So how does the consumer prove that the manufacturer “willfully” violated the California lemon law?  Leave that to your attorney to advise you regarding whether a civil penalty is realistic in your case.  Typically (although not necessarily always), proving a willful violation is done by showing that the consumer contacted the manufacturer, informed it of the defective vehicle’s repair history, requested a lemon law buyback or vehicle replacement, and the manufacturer refused to do so – even though it should have.

If you would like to find out whether you qualify to receive a “civil penalty” payment under the California lemon law, call the Vachon Law Firm right now at 1-855-4-LEMON-LAW (1-855-453-6665). Consultations are always FREE!!.

Other Types of Monetary Recovery Under the California Lemon Law

As stated above, the repurchase or replacement remedy is usually by far the most attractive option for consumers who qualify for relief under the California lemon law.  Nonetheless, it is also worth mentioning that Civil Code Section 1794(b)(2) also permits a consumer to obtain damages equal to the amount necessary to repair the vehicle.

The California lemon law statute (at Civil Code Section 1794(a)) also permits a consumer who purchased a defective automobile to seek “equitable relief.”  Theoretically, this means that a consumer could seek things like a court order requiring a manufacturer to provide information to consumers who purchased similarly malfunctioning cars or trucks, or an order requiring the manufacturer to turn over any profits that it earned on money that it was supposed to pay over to you (this particular equitable remedy is called a “constructive trust”).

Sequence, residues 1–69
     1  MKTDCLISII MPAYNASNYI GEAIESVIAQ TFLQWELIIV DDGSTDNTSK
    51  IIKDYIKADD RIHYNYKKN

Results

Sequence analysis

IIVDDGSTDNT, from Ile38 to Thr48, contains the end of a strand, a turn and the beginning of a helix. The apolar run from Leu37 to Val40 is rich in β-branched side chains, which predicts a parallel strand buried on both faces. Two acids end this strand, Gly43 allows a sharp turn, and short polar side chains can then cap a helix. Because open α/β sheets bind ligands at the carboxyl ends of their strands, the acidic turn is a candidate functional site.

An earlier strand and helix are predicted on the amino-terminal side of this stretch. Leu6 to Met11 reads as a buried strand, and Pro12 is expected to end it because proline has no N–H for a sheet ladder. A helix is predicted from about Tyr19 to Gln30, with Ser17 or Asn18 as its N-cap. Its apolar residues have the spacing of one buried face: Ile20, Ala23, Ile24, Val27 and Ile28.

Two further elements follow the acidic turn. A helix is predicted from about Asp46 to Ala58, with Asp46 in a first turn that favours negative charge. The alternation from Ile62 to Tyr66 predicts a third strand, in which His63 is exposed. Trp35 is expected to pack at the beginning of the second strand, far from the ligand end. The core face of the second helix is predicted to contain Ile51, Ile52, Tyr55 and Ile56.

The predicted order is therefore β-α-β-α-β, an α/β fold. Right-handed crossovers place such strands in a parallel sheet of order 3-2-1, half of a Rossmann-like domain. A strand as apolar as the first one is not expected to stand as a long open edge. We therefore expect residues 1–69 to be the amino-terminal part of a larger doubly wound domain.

As a practical matter, however, these other types of relief permitted by the California lemon law statute are usually nothing but theoretical.  In almost all conceivable circumstances, it will be in a consumer’s best interests to seek the repurchase or replacement remedies discussed above.

The California Lemon Law Requires the Manufacturer to Pay Your Attorney’s Fees, Costs & Expenses

Finally, under Civil Code Section 1794(d) the California lemon law statute also permits a consumer who wins his or her lawsuit against a manufacturer to recover his or her attorney’s fees, costs, and expenses.  This is arguably the most important section of the California lemon law, because it effectively permits anyone with a valid lemon law claim to retain an attorney to professionally prosecute the lemon law lawsuit knowing that when it is all over the manufacturer, and not the consumer, will have to pay all the legal fees incurred in the case.

The attorney fee provision in the California lemon law is the reason why consumers in practically every California city, from San Diego to San Francisco, and Imperial Beach to Humboldt, can log onto the Internet and find professional attorneys willing to represent them on a contingency fee basis with no money down. See this Web site’s page on Choosing a California Lemon Law Attorney for a discussion of important considerations in choosing a California lemon law lawyer to represent you.

The Vachon Law Firm accepts California lemon law cases on a contingency fee basis with no money down. Call 1-855-4-LEMON-LAW (1-855-453-6665) for a FREE consultation to find out how much money you may be entitled to because of your lemon!